Led by Laudato Si, we might develop our capacity to hear and respond to what Francis calls, echoing Brazilian liberation theologian Leonardo Boff, “the cry of the earth and the cry of the poor.” We might attend to the fact that the ecological crisis is a social crisis, perpetuated by systems of injustice which benefit particular human beings (and, inordinately, white men with access to positions of power within these systems) at the expense of othered human and more-than-human beings. We might align our lives with the second of the Universal Apostolic Preferences by working to transform the systems and institutions we inhabit into spaces of reconciliation and justice. We might demand that the politicians representing us at a local, state, and national level craft and pass policies that attend to the entangled cries of the earth and the poor. We might vote in November with these entangled cries resonating in our hearts. While doing so, we might find ways to stand in solidarity with a group like the Coalition of Immokalee Workers, an organization based in Immokalee, FL that is committed to protecting the dignity of farmworkers through vital programs such as the “Fair Food Program.” We might find ways to commit our energies to resisting the entanglement of ecological degradation and systemic racism, which is so vividly evident in contexts like Standing Rock and Flint, Michigan. This entanglement is evident, now, in the disproportionate impact of COVID-19 on communities of color, exacerbated by environmental racism. As we continue to grapple with the impact of COVID, and as we return to Laudato Si, perhaps we can particularly commit to discussing and confronting environmental racism with members of our family, parish, or school community.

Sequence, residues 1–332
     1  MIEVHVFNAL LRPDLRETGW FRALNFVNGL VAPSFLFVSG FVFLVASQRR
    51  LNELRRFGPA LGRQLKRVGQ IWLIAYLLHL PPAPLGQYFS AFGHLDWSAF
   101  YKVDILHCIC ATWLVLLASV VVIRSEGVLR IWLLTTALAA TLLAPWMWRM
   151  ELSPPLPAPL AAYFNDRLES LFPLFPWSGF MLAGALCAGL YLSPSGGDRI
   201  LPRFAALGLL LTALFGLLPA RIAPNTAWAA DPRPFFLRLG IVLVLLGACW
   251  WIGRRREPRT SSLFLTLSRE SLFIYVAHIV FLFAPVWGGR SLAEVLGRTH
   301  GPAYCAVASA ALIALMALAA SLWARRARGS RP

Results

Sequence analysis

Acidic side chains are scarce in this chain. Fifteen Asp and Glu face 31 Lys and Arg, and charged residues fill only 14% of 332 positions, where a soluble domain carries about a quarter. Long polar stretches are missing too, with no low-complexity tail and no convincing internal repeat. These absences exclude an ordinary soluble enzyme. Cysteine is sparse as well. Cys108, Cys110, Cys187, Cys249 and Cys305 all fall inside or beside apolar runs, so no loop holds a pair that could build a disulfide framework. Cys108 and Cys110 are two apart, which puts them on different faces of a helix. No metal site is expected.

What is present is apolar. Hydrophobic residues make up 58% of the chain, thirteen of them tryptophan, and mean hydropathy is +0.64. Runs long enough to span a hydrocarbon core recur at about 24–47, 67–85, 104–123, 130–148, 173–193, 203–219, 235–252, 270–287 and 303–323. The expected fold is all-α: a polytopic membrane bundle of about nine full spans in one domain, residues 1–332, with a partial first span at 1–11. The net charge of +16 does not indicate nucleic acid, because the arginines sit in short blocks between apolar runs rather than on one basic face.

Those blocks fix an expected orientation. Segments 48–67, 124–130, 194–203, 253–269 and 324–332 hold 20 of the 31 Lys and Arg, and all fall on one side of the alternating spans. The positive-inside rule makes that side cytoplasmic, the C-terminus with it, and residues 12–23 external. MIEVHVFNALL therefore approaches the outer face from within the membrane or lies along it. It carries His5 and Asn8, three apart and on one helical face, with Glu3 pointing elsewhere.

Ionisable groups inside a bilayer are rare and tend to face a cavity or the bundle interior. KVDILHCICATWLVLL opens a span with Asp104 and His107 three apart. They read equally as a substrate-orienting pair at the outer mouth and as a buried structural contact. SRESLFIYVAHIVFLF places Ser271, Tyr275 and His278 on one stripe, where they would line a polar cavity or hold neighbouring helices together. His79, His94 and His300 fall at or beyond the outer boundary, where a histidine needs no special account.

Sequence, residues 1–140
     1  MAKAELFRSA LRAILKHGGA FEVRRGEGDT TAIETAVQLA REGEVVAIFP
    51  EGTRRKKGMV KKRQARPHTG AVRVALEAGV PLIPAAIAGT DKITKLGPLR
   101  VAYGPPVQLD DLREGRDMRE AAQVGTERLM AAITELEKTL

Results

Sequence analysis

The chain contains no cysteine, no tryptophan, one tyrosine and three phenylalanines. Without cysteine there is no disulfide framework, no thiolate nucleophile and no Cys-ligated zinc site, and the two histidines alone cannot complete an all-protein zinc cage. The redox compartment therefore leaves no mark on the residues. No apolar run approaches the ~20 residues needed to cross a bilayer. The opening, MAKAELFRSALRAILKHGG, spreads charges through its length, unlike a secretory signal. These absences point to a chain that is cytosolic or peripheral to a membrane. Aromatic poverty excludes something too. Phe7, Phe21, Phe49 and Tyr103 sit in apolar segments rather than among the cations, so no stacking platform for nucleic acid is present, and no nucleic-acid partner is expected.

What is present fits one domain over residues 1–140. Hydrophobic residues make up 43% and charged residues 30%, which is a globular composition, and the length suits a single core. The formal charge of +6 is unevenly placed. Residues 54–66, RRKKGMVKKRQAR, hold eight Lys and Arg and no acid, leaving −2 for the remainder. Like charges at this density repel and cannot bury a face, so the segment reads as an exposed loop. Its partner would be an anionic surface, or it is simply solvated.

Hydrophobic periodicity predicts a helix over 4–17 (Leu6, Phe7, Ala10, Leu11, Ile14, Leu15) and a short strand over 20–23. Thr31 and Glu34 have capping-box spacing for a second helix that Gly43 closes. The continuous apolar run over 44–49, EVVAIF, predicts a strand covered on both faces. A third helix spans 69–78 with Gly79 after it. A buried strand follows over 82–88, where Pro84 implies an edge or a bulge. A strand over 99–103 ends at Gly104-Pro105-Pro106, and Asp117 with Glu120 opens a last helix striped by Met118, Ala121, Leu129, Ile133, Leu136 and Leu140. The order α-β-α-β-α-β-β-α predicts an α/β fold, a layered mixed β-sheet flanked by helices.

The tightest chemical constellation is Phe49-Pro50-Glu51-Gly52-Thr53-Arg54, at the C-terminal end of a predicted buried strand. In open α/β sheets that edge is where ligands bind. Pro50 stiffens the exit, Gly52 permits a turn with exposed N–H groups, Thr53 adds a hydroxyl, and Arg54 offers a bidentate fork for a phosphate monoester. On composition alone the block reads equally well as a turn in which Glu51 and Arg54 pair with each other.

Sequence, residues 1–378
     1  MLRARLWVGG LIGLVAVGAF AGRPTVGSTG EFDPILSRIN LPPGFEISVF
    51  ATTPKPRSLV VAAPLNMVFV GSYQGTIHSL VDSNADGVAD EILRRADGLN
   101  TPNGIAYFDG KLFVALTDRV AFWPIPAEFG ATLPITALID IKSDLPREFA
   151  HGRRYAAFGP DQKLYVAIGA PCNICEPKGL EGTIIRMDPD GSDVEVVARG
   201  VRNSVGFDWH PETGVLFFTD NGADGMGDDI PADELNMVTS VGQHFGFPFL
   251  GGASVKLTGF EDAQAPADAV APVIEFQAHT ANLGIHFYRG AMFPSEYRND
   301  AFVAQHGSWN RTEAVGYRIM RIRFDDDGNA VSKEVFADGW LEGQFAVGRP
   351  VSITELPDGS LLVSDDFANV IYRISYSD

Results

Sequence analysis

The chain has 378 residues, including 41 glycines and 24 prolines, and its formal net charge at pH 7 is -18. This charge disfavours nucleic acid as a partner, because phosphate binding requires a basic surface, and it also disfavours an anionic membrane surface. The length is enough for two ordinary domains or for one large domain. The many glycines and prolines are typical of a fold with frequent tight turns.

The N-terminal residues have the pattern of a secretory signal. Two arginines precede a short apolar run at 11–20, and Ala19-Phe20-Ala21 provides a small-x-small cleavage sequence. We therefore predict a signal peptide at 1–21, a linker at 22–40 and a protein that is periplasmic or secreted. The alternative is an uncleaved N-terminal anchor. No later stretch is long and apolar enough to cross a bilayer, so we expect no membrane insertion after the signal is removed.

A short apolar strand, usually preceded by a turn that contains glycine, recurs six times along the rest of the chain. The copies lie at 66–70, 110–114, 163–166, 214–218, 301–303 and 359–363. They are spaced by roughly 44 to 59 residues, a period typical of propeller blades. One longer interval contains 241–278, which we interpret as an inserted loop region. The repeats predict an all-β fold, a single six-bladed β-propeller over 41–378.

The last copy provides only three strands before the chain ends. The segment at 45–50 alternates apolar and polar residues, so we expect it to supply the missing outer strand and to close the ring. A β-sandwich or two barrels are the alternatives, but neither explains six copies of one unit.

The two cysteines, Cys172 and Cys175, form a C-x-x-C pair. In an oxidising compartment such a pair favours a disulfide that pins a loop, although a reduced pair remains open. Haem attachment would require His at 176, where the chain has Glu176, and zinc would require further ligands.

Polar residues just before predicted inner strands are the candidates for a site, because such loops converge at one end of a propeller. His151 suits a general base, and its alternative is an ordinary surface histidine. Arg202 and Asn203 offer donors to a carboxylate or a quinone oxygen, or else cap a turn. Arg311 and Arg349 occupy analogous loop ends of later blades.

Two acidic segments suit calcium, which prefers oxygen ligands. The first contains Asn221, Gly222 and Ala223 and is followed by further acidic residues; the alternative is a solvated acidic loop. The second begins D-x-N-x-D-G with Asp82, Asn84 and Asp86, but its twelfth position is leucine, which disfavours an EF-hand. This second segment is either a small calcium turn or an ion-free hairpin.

Pope Francis emphasizes that the “ecological conversion” we must undergo cannot merely remain a personal process of transformation. Our personal transformation must consistently weave into collective transformation. As Francis has it, “self-improvement on the part of individuals will not by itself remedy the extremely complex situation facing our world today.” Francis emphasizes the significance of communities and networks of communities to the process of developing a constructive response to the crisis in which we find ourselves. For Francis, ecological conversion requires “community conversion.” Perhaps we can connect our energies and efforts with communities that are working to actively embody ecological conversion, such as the Agape Community in Hardwick, MA or Benincasa Community in Queens, NY. And as we, members of the Ignatian Yoga community, engage with and embody the insights of Laudato Si, may we do so with the inspiration and guidance of the third Universal Apostolic Preference. May we “accompany young people in the creation of a hope-filled future.” May we do this in our homes and churches, on our campuses and in our classrooms, through Youtube and Zoom.